A couple weekends ago I was at the Mozilla Summit in Brussels. In a couple posts, I want to focus myself not on the Summit as a whole, but on one particular session that got me thinking.
The “What’s Next for Real-Time Communication on the Web” session was described in the schedule as:
Communication and interaction are now integral parts of the web. We work, play, collaborate, and experience the web socially. Mozilla has taken the first steps towards opening the space of realtime communication by supporting WebRTC, but where do we go from here? Some possibilities present themselves in the decreasingly private, increasingly surveillanced state of online communication. Other opportunities lie in extending the potential for collaboration towards Doug Englebart’s vision of shared intellectual space. There is tremendous potential for Mozilla, perhaps more than anyone else, to build solutions for users that drastically improve how we experience the web.
I went because the words “intellectual space” led me to believe that this session would be a blue sky dreaming of where we as a community should innovate to push public interaction with the human knowledge ecosystem we call the Web. I wanted to bring in the educational perspective, and learn how Mozilla is thinking about the future of communication – a non technical phenomenon. Like Englebart, McLuhan, Kirschensteiner and a plethora of other theorists, I’m curious about how augmenting human ability and innovating technology for communication, can help us, collectively, become “educated”.
Pause. Explain the definition of “educated” you’re using: Being educated is the ability to think critically about key problems. It’s truncated, I know, but let’s leave it there so as not to get distracted.
The session itself started out as an intro into WebRTC (video conferencing in the browser, an open standard and full of fantastic) and Talkilla (an initiative that is looking to add communication and collaboration devices as standard in the browser). I asked Boriss, our gracious session facilitator, how Talkzilla is different from Together.js, and the answer was that one was looking to add collaboration devices into communication tools and the other was looking to add communication devices into collaboration tools. Confused? Yeah, no shit.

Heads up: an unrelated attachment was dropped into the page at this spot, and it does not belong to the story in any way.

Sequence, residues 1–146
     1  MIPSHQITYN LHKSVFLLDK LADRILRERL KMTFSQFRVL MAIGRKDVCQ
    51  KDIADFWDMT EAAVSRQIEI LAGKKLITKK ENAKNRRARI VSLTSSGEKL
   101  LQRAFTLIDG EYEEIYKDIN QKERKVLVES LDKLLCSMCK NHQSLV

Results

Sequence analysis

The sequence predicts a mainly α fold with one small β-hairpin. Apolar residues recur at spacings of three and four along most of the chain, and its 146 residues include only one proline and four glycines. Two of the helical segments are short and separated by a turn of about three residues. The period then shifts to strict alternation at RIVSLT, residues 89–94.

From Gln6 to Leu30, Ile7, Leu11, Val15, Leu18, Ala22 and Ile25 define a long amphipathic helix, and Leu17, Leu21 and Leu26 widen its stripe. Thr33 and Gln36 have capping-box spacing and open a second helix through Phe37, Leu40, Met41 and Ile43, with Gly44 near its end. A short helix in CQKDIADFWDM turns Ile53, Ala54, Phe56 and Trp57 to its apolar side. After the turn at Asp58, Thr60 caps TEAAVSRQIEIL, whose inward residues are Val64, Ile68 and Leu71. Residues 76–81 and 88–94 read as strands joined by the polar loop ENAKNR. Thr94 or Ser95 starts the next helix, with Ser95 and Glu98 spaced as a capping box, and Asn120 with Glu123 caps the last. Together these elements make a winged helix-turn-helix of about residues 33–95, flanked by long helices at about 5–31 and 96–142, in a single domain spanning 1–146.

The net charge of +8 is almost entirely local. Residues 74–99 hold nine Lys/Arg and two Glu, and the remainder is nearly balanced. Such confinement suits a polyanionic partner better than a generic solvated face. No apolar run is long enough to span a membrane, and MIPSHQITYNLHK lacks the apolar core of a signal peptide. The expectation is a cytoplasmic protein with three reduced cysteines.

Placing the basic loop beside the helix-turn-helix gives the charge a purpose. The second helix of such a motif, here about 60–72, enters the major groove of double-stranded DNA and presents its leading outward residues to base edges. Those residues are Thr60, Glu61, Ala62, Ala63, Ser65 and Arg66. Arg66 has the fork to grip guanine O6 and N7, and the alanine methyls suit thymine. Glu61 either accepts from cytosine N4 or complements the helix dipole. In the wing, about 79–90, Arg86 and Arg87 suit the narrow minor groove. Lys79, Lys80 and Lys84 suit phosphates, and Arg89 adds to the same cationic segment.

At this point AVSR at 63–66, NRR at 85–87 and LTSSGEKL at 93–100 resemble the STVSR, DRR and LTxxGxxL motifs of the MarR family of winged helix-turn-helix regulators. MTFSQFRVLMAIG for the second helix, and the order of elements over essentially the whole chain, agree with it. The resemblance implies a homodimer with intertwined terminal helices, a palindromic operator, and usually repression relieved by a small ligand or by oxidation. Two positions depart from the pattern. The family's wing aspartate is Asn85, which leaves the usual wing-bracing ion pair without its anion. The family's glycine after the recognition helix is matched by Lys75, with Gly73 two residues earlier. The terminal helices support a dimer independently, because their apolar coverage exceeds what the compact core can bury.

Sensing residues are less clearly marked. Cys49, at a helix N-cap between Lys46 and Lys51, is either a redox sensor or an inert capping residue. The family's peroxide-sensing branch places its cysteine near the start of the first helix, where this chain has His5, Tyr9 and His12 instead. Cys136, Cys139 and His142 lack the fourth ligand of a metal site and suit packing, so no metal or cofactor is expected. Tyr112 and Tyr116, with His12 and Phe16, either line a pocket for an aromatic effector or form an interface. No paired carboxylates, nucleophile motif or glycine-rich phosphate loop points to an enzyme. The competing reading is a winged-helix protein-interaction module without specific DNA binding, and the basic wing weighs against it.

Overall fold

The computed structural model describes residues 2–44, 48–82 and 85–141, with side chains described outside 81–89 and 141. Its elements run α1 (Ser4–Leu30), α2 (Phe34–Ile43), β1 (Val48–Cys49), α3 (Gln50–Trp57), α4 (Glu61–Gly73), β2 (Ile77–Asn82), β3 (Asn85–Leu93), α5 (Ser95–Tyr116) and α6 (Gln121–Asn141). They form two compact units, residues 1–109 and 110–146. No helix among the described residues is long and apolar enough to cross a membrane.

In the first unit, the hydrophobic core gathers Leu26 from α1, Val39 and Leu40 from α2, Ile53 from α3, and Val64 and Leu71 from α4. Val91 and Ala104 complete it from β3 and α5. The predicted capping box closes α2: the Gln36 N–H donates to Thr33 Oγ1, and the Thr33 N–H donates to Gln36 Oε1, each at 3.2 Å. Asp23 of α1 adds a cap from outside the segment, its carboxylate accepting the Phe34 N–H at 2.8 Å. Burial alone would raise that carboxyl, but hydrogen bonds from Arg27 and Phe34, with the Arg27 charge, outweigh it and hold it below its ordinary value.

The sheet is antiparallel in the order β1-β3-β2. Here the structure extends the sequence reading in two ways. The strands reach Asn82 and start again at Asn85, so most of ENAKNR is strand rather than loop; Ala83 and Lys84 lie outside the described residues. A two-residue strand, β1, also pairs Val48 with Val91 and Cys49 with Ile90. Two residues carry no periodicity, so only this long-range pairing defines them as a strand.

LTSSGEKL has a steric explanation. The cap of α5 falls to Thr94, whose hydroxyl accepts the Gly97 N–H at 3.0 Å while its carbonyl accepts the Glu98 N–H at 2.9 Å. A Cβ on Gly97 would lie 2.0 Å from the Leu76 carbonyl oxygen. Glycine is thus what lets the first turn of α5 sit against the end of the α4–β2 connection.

In the session, I couldn’t understand the difference between Talkilla and Together.js except that one had video built in, and the other didn’t (but could!). The drawing on the flip chart (which I wish I had photographed for the purpose of illustrating this) looked almost identical to Together.js. Both use open web technologies, both are looking to change the way we interact on the web. Surely, working together the two projects could improve one another? I asked, “How are these things different and could you work with Together.js to expand Talkilla?” and was met with a “Yes…” followed by 25 minutes of entire room fighting.
Aside. I dislike being made to feel like I don’t belong. I’m pretty web literate, I’m more technical that 99% of the world. I’m not a developer, but I can fiddle around with dev environments and know the history of UNIX.
Thankfully, I made eye contact with someone who had also come for the “intellectual space” conversation, and he stood up and said something along the lines of, “Excuse me, but I didn’t come to this session to argue about protocols! I came for the session that was described in the Summit app.”
Step 1. Vocalize disappointment.
A few minutes later, I made the suggestion that instead of having 40 people try to participate in a single conversation, we should break into groups and have the conversations we wanted to have. Boriss thought it was a good idea (yay!), and we created four or five groups (including one on Protocols). I “led” the discussion on Serendipitous Communication.
Step 2. Suggest an Alternate Method
In Part 2, which I swear I’ll post soon, is about that conversation.